A breeding program of the Mary River Cod is restocking populations in the Mary River Catchment with Geraldine its leading lady.
At the recent Noosa Festival of Water, Geraldine, a very calm and relaxed 30 year old was seen rebuilding her strength as she prepares to breed new life this Spring.
Geraldine is one of two breeding pairs currently being looked after in tanks by Steve Poole and team at the Gerry Cook Hatchery on the bank of Lake Macdonald at Cooroy.
The fish have now been relocated to outside ponds at the Hatchery, where in a created habitat with simulated logs for lurking and egg laying, the pairs will work out territories and wait – until the water temperature hits about 20 degrees Celsius when they will commence the spawn.
Eggs are laid and adhere to mesh in the “logs”, where they are germinated and then guarded by the males, keeping out predators and fanning the water to keep it oxygenated. Divers carefully transfer the mesh to smaller tanks inside the Hatchery to be monitored and fed a careful diet of plankton and black worms from about 3 – 4 weeks.
Previous successful spawning from two breeding pairs have resulted in in around 10,000 fingerlings released into waterways in the Mary River Catchment and into specific impoundments in south east Queensland.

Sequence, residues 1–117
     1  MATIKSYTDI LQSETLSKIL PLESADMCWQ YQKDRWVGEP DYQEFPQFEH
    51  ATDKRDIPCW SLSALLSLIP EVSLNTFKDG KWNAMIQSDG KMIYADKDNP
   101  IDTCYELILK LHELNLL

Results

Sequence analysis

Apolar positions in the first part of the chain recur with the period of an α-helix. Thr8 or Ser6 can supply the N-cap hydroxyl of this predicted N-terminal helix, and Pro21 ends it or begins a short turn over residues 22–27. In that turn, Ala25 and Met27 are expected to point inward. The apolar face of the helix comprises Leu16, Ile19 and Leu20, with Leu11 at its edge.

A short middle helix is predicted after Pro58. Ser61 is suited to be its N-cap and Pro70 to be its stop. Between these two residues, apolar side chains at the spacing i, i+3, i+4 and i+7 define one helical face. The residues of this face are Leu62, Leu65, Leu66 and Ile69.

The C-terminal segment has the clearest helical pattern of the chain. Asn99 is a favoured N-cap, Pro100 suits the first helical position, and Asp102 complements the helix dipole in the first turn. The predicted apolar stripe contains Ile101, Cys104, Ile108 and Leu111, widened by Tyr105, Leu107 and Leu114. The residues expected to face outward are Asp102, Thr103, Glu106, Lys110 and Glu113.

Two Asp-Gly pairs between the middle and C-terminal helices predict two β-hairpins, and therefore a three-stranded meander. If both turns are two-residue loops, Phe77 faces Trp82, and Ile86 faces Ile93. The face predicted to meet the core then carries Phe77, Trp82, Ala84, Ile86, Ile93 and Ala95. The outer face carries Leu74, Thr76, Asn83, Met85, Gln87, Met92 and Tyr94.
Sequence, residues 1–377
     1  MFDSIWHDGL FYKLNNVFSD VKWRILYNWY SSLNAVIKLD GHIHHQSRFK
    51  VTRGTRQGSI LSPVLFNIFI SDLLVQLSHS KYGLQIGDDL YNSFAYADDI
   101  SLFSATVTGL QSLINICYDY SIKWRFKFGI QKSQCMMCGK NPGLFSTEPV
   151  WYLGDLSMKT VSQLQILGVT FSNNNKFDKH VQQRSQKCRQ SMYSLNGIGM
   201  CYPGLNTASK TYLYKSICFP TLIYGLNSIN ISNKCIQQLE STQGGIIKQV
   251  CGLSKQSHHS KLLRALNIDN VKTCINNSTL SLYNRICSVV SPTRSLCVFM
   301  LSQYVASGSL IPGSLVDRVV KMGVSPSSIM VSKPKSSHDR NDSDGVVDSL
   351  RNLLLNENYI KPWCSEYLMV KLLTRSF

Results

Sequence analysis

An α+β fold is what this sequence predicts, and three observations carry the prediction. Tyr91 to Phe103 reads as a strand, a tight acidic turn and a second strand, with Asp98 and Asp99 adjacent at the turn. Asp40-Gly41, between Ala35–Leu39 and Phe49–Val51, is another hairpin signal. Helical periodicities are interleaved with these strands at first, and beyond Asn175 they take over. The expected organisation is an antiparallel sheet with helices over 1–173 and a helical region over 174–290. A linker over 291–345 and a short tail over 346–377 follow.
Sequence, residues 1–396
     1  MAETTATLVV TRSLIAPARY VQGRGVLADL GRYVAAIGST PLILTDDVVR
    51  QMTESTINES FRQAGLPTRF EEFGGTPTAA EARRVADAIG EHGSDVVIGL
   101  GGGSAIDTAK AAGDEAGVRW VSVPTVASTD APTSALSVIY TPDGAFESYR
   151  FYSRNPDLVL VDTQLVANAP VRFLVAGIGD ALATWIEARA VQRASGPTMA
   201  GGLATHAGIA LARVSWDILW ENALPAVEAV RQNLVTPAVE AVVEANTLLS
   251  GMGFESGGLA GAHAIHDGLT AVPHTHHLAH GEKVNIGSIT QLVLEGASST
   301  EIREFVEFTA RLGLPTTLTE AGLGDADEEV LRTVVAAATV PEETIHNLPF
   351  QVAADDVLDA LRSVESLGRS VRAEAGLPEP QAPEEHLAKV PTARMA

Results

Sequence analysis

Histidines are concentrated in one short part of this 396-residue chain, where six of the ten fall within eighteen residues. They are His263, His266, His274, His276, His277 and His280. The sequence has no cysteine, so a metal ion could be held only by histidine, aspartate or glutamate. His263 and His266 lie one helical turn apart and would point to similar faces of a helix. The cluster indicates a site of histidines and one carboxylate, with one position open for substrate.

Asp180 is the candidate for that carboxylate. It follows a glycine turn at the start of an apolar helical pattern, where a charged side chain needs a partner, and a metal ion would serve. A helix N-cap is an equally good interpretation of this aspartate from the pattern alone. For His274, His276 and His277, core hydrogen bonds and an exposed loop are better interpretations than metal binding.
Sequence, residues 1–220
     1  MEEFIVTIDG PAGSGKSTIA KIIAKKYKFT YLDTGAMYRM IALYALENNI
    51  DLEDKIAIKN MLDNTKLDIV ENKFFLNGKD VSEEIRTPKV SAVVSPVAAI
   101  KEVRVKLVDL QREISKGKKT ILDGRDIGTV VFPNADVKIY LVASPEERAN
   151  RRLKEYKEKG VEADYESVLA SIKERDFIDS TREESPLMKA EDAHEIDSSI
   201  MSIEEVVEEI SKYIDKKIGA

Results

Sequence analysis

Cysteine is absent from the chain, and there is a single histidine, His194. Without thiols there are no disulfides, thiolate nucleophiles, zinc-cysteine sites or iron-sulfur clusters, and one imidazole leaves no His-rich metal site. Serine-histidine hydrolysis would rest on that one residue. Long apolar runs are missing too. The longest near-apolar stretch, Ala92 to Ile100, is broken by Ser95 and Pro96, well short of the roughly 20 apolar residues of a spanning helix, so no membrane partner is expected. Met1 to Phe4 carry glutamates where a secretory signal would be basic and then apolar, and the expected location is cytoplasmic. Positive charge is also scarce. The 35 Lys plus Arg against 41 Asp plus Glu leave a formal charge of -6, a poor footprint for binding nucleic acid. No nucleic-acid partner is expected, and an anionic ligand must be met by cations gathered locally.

The Mary River Cod (Maccullochella mariensis) is one of Australia’s most endangered freshwater fish. Natural populations are limited only to the Mary River system in Queensland’s south east and it is estimated that they are in less than 30 per cent of their former range. There may have been as few as 600 Cod left in 1996 when the last comprehensive survey of the species was undertaken.
Steve Poole says the breeding program is a priority action of the draft Mary River Threatened Aquatic Species Recovery Plan.
“Restocking Mary River Cod into waterways in the Mary River Catchment is identified as a priority action in the draft Plan, along with our breeding program.
“The plan is currently being developed by the MRCCC in collaboration with multiple stakeholders including the Australian Government.”
A five year strategy (2016 – 2021) has been developed to guide the operation of the Gerry Cook Hatchery, which is now operating under the auspices of the Mary River Catchment Coordinating Committee (MRCCC).
A Steering Group comprising representatives of the MRCCC, the Department of Agriculture and Fisheries, SeqWater, Noosa Council and recreational fish stocking groups will guide the management of the breeding program and the implementation of best management practices to ensure the gene pool diversity of any fingerlings produced.
Noosa Biosphere Reserve Foundation Chairman, Campbell Corfe, says the breeding program is exemplary of the Noosa people working to maintain Noosa’s biodiversity.
“The resurgence of the Hatchery is another of those compelling stories which abound within the Noosa Biosphere Reserve where volunteer teams get on with the job of maintaining our biodiversity.”